In this chapter we extend the concept of a definite integral of a single variable to double and triple integrals of functions of two and three variables, respectively. We examine applications involving integration to compute volumes, masses, and centroids of more general regions. We will also see how the use of other coordinate systems (such as polar, cylindrical, and spherical coordinates) makes it simpler to compute multiple integrals over some types of regions and functions. In the preceding chapter, we discussed differential calculus with multiple independent variables. Now we examine integral calculus in multiple dimensions. Just as a partial derivative allows us to differentiate a function with respect to one variable while holding the other variables constant, we will see that an iterated integral allows us to integrate a function with respect to one variable while holding the other variables constant.
- 15.0: Prelude to Multiple Integration
- In the preceding chapter, we discussed differential calculus with multiple independent variables. Now we examine integral calculus in multiple dimensions. Just as a partial derivative allows us to differentiate a function with respect to one variable while holding the other variables constant, we will see that an iterated integral allows us to integrate a function with respect to one variable while holding the other variables constant.
- 15.1: Double Integrals over Rectangular Regions
- In this section we investigate double integrals and show how we can use them to find the volume of a solid over a rectangular region in the xyxy-plane. Many of the properties of double integrals are similar to those we have already discussed for single integrals.
- 15.2: Double Integrals over General Regions
- In this section we consider double integrals of functions defined over a general bounded region D on the plane. Most of the previous results hold in this situation as well, but some techniques need to be extended to cover this more general case.
- 15.3: Double Integrals in Polar Coordinates
- Double integrals are sometimes much easier to evaluate if we change rectangular coordinates to polar coordinates. However, before we describe how to make this change, we need to establish the concept of a double integral in a polar rectangular region.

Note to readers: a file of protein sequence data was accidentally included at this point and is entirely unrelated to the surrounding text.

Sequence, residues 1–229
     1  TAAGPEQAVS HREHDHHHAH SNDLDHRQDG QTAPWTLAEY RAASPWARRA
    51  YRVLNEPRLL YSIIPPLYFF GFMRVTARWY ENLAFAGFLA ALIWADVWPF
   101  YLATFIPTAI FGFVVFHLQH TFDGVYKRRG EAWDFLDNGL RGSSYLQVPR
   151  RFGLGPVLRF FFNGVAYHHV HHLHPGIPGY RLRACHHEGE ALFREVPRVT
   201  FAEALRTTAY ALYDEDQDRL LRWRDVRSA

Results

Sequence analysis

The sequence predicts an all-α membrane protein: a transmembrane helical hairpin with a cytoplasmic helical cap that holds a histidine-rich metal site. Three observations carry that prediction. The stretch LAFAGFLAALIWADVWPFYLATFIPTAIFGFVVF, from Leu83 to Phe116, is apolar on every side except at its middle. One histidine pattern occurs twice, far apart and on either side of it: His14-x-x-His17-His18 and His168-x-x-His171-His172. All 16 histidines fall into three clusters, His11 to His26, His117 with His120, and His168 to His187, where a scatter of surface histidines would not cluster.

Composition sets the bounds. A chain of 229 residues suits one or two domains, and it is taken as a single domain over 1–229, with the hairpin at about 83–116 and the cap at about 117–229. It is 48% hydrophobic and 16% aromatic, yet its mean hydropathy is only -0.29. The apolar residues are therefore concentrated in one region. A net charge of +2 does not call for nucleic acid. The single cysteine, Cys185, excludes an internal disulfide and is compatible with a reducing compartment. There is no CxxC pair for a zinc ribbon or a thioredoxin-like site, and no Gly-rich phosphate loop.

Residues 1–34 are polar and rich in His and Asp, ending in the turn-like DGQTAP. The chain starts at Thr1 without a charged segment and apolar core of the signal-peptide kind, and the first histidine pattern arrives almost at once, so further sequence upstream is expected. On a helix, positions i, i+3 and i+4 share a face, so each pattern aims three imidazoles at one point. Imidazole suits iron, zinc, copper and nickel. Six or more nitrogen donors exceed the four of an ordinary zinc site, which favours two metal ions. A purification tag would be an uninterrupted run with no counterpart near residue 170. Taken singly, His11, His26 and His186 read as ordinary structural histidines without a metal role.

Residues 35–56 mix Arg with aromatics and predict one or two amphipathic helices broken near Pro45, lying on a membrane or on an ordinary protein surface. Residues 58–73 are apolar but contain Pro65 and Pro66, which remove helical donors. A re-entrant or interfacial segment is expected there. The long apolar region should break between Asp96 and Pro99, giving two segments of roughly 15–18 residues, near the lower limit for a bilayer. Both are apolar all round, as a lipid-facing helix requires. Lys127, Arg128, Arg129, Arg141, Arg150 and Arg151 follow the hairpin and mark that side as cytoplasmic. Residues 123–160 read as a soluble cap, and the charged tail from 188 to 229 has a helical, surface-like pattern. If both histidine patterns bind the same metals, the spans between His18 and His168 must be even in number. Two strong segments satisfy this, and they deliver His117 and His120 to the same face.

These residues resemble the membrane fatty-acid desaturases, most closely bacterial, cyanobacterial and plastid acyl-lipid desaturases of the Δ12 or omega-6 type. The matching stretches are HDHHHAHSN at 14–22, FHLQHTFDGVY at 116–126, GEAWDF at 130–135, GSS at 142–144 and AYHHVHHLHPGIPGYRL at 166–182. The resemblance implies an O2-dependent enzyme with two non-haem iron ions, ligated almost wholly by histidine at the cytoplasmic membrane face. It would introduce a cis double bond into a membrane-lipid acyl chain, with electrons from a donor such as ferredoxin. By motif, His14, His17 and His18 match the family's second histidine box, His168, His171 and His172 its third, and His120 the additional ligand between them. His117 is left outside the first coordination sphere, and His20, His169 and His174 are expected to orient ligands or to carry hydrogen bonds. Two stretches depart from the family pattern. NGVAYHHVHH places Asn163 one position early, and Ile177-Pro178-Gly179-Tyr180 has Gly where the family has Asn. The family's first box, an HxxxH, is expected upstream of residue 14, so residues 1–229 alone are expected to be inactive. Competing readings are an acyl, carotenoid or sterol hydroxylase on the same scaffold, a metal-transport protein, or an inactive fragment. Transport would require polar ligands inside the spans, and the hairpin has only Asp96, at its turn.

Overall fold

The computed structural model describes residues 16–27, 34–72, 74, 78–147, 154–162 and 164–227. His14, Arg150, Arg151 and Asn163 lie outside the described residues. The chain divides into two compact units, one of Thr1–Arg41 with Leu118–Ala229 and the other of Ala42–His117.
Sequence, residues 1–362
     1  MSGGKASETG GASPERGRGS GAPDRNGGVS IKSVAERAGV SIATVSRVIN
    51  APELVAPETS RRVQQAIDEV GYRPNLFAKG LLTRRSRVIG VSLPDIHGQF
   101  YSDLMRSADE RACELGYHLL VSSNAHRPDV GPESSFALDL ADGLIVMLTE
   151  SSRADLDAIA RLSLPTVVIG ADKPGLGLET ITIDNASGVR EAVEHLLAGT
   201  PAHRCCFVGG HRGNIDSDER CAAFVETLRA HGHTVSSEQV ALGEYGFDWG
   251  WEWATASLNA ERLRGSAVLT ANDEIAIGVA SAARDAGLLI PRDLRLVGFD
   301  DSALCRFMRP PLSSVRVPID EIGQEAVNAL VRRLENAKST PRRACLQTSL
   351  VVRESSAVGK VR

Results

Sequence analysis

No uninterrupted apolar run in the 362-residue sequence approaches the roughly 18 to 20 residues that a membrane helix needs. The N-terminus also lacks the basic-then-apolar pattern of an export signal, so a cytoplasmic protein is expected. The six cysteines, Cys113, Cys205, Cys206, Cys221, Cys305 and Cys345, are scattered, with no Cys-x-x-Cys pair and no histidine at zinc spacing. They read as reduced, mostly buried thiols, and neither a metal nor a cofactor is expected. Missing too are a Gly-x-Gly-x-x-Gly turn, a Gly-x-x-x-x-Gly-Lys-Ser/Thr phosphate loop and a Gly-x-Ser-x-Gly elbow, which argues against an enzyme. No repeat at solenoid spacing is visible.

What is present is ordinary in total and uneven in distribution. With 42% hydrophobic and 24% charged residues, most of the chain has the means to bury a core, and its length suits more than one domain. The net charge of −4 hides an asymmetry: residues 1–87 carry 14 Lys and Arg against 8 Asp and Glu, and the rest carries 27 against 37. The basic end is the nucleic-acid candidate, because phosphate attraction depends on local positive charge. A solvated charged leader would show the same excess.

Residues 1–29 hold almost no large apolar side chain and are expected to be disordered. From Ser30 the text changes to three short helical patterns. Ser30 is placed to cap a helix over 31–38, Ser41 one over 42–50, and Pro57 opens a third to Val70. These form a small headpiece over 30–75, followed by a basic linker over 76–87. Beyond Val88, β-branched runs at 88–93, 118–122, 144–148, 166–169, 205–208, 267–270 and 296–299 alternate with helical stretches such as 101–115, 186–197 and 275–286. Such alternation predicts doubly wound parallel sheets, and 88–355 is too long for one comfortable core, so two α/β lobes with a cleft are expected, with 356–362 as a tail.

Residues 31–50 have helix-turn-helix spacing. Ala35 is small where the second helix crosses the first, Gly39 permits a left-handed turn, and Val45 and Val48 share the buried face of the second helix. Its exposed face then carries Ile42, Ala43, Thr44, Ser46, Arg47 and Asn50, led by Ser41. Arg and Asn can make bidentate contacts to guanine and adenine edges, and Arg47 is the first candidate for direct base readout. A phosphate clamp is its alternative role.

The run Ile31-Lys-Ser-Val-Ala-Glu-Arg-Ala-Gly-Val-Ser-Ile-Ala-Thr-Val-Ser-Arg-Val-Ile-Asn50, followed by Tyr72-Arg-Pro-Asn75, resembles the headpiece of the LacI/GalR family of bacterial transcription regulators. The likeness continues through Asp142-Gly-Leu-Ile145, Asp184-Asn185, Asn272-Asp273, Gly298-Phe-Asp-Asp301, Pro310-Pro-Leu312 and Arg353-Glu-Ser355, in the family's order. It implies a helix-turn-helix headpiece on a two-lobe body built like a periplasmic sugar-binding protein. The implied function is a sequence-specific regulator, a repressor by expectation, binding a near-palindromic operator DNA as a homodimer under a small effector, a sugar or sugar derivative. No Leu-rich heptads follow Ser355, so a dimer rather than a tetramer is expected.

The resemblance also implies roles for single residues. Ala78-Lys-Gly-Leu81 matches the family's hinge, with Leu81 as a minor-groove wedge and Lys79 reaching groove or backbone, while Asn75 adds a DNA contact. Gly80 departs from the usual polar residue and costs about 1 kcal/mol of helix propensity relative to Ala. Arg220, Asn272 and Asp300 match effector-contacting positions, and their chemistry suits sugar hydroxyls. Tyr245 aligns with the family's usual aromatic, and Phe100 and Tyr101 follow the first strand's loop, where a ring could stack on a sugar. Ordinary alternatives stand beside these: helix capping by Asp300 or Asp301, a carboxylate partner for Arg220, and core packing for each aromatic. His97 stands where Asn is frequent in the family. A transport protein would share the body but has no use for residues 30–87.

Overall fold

- 15.4: Triple Integrals
- In Double Integrals over Rectangular Regions, we discussed the double integral of a function f(x,y) of two variables over a rectangular region in the plane. In this section we define the triple integral of a function f(x,y,z) of three variables over a rectangular solid box in space, R3. Later in this section we extend the definition to more general regions in R3.
- 15.5: Triple Integrals in Cylindrical and Spherical Coordinates
- In this section we convert triple integrals in rectangular coordinates into a triple integral in either cylindrical or spherical coordinates.
- 15.6: Calculating Centers of Mass and Moments of Inertia
- In this section we develop computational techniques for finding the center of mass and moments of inertia of several types of physical objects, using double integrals for a lamina (flat plate) and triple integrals for a three-dimensional object with variable density. The density is usually considered to be a constant number when the lamina or the object is homogeneous; that is, the object has uniform density.
- 15.7: Change of Variables in Multiple Integrals
- When solving integration problems, we make appropriate substitutions to obtain an integral that becomes much simpler than the original integral. We also used this idea when we transformed double integrals in rectangular coordinates to polar coordinates and transformed triple integrals in rectangular coordinates to cylindrical or spherical coordinates to make the computations simpler.
- 15.E: Multiple Integration (Exercises)
- These are homework exercises to accompany Chapter 15 of OpenStax's "Calculus" Textmap.
Thumbnail: Double integral as volume under a surface \(z = 10 − x^2 − y^2/8\). The rectangular region at the bottom of the body is the domain of integration, while the surface is the graph of the two-variable function to be integrated. Image used with permission (Public Domain; Oleg Alexandrov).
Gilbert Strang (MIT) and Edwin “Jed” Herman (Harvey Mudd) with many contributing authors. This content by OpenStax is licensed with a CC-BY 3/0 license. Download for free at http://cnx.org.